Transactional relationships and sex with a woman in prostitution: prevalence and patterns in a representative sample of South African men
1 Gender & Health Research Unit, Medical Research Council, Pretoria and School of Public Health, Faculty of Health Sciences, University of the Witwatersrand, Johannesburg, South Africa
2 Research Office, University of Cape Town, Cape Town, South Africa
3 Gender & Health Research Unit, Medical Research Council, Pretoria, South Africa
4 Rollins School of Public Health, Emory University, Atlanta, USA
5 Centre for Health Policy, Faculty of Health Sciences, University of the Witwatersrand, Johannesburg, South Africa
6 Gender & Health Research Unit, Medical Research Council, Private Bag X385, Pretoria, 0001, South Africa
BMC Public Health 2012, 12:325 doi:10.1186/1471-2458-12-325Published: 2 May 2012
Sex motivated by economic exchange is a public health concern as a driver of the Sub-Saharan African HIV epidemic. We describe patterns of engagement in transactional sexual relationships and sex with women in prostitution of South African men, and suggest interpretations that advance our understanding of the phenomenon.
Cross-sectional study with a randomly-selected sample of 1645 sexually active men aged 18–49 years who completed interviews in a household study and were asked whether they had had sex with a woman in prostitution, or had had a relationship or sex they took to be motivated by the expectation of material gain (transactional sex).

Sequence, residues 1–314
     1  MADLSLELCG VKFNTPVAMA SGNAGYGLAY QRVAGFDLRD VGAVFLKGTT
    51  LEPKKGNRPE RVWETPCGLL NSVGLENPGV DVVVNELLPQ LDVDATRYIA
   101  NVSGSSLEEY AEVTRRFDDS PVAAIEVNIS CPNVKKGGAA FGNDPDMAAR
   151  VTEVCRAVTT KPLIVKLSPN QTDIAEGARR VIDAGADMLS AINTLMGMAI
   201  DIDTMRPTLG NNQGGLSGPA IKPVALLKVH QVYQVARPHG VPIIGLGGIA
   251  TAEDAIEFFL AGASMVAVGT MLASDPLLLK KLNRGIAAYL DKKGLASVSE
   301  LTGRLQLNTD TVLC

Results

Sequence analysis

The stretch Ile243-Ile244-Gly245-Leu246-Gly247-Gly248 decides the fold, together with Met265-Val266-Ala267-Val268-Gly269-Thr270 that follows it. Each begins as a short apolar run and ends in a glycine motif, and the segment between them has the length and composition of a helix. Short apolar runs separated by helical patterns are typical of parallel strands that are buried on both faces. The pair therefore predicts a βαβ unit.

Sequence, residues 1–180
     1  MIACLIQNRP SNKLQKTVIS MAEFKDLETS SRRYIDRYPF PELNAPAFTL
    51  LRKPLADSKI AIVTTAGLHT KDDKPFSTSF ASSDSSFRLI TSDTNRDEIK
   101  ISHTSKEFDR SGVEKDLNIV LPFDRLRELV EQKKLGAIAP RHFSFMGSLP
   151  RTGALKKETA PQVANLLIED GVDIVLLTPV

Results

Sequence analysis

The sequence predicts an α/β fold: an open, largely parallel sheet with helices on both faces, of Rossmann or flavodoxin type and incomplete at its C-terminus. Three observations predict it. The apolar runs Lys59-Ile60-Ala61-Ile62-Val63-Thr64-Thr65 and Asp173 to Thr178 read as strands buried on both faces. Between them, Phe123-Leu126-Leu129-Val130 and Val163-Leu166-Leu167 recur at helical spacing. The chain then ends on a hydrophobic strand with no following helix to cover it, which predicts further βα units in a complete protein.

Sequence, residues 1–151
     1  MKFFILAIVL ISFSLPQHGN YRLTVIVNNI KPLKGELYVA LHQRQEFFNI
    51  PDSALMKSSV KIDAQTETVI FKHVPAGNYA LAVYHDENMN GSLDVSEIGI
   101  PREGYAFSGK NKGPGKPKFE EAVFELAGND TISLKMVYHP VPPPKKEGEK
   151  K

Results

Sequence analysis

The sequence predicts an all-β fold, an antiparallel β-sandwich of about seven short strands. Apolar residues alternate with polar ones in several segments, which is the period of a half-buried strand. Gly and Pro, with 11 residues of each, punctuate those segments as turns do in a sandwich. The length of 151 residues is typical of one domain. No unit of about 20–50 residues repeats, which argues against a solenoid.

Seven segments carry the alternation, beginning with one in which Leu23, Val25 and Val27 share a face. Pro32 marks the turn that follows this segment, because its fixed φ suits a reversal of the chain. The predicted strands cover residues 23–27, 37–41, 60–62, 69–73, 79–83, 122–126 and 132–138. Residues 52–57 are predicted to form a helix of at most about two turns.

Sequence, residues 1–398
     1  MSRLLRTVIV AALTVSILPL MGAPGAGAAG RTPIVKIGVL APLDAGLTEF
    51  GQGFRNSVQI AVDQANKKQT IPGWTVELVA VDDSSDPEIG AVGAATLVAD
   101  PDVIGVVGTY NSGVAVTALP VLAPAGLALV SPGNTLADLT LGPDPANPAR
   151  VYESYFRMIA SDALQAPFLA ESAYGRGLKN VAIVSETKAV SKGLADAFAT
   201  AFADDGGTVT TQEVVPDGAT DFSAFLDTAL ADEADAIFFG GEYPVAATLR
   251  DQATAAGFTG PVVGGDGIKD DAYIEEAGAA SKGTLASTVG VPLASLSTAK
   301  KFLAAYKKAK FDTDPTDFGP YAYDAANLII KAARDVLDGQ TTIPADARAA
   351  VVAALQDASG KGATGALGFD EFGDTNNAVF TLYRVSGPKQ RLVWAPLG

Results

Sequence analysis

18% of men had ever had sex with a woman in prostitution, 66% at least one type of transactional sexual relationship, only 30% of men had done neither. Most men had had a transactional relationship/sex with a main partner (58% of all men), 42% with a concurrent partner (or makhwapheni) and 44% with a once off partner, and there was almost no difference in reports of what was provided to women of different partner types. The majority of men distinguished the two types of sexual relationships and even among men who had once-off transactional sex and gave cash (n = 314), few (34%) reported that they had had sex with a ‘prostitute’. Transactional sex was more common among men aged 25–34 years, less educated men and low income earners rather than those with none or higher income. Having had sex with a woman in prostitution varied little between social and demographic categories, but was less common among the unwaged or very low earners.
The notion of ‘transactional sex’ developed through research with women does not translate easily to men. Many perceive expectations that they fulfil a provider role, with quid pro quo entitlement to sex. Men distinguished these circumstances of sex from having sex with a woman in prostitution. Whilst there may be similarities, when viewed relationally, these are quite distinct practices. Conflating them is sociologically inappropriate. Efforts to work with men to reduce transactional sex should focus on addressing sexual entitlement and promoting gender inequity.